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Australia could fall behind if we don’t embrace AI

By Jack Campbell | |5 minute read

The rise of ChatGPT has been filled with confusion and fear. Wouldn’t a better approach be to use this tech to our advantage?

ChatGPT has grown a staggering 4,419 per cent as the top tech skill globally, according to Udemy. However, Australia is one country that has failed to embrace ChatGPT as a skill.

Across the nation, people are constantly landing in hot water for using the system, and it doesn’t even make up the top five consumed tech skills. Doctors have been banned from using it, public schools have said no more, and various workplaces across the country have done the same.


This could become an issue as the “AI arms race” rages and some of the world’s biggest companies pour billions of dollars into the generative artificial intelligence (AI). Microsoft’s chief executive Satya Nadella said on 7 February: “A race starts today. We’re going to move, and move fast.”

If Australia doesn’t show the same attention to these technologies, we run the risk of lagging behind. As it stands, China, the US, and the European Union all stand a chance of coming out on top as the dominant force in AI. The next few years have the potential to shape the next hundred.

The Australian government and organisations in the country need to realise the opportunities AI poses if they’re to stay relevant in the future workforce.

This may be on the horizon as the government has launched an inquiry into the use of generative AI in education.

Lisa Chesters, chair of the committee on employment, education and training, commented: “Artificial technologies are increasingly available in education settings, presenting both opportunities and challenges. This inquiry will examine the ways in which these technologies may impact education outcomes for students in the Australian education system.”

“We will have a particular focus on the emergence of generative AI technologies, and the benefits and the risks they may hold for the Australian education system, now and into the future.”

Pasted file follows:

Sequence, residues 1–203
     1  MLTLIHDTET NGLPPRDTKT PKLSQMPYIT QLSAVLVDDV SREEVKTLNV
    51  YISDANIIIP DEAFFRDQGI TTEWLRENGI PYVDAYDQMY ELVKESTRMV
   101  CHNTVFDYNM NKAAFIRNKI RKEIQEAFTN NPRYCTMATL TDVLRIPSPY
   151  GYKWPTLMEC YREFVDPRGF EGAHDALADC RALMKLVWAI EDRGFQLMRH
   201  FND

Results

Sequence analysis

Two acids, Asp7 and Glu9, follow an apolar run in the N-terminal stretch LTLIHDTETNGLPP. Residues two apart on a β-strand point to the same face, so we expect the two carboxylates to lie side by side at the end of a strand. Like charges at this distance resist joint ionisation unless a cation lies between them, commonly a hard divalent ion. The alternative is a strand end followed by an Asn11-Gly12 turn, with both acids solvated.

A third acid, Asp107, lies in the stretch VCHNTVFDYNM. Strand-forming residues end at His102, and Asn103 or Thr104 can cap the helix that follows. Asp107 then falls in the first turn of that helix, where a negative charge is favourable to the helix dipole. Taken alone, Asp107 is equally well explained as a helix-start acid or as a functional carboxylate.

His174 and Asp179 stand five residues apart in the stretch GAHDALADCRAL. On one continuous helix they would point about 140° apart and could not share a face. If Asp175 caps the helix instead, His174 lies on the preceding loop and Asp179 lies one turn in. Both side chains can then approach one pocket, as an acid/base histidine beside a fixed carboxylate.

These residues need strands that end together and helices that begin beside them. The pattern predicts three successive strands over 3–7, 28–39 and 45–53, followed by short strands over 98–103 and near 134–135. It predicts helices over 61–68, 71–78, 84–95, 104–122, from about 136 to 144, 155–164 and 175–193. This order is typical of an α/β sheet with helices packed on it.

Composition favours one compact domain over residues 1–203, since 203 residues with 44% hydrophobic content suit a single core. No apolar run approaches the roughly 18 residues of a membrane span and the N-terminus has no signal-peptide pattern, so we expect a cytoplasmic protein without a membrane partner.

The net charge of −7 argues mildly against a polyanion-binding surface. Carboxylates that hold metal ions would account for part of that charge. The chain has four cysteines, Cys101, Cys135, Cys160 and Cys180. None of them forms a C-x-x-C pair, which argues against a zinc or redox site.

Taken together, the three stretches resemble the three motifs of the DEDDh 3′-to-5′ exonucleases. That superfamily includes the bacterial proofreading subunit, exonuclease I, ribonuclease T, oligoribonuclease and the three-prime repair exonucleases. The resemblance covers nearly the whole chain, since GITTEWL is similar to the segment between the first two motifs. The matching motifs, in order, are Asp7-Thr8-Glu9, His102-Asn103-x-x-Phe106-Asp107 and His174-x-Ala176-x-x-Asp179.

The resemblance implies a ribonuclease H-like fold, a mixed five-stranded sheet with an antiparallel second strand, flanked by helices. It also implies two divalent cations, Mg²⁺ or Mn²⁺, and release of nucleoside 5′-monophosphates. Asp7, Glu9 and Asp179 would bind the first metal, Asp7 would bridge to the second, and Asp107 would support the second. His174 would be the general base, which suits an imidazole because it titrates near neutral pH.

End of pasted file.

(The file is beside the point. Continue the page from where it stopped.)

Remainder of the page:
It’s no secret that AI is transforming how businesses function. Forbes listed some areas of the business that AI has shifted:

  • Automated operations
  • Informed decision making
  • Enhanced productivity
  • Recruitment and talent sourcing
  • Adopting a customer-centric approach

“ChatGPT and generative AI are truly revolutionising the way the world will work in the future as we’re just starting to uncover its use cases — in research, content creation, branding, marketing, productivity, e-commerce, and so much more,” said Diego Davila, Udemy instructor, entrepreneur and social media innovator.

“Having a comprehensive understanding of ChatGPT and other emerging AI technologies will be imperative to quickly pivot in today’s era of rapid digital transformation. Whether you’re a business owner, engineer, marketer, content creator, or learner, start by learning how AI prompt engineering tools can be leveraged in your role, as well as how (and when) to get the best responses from it.”

With such a massive impact on operations, it’s understandable for people to be sceptical of the future. Embracing this tech may be hard for some, but in order to progress, it needs to be done.

To assist, Zapier listed four ways to make AI less of a worry for employees:

  1. Broadcast AI far and wide.
  2. Remind people that AI is an underling, not an overlord.
  3. Incorporate it into existing work.
  4. Frame AI as a draft-maker, not a decision-maker.
Jack Campbell

Jack Campbell

Jack is the editor at HR Leader.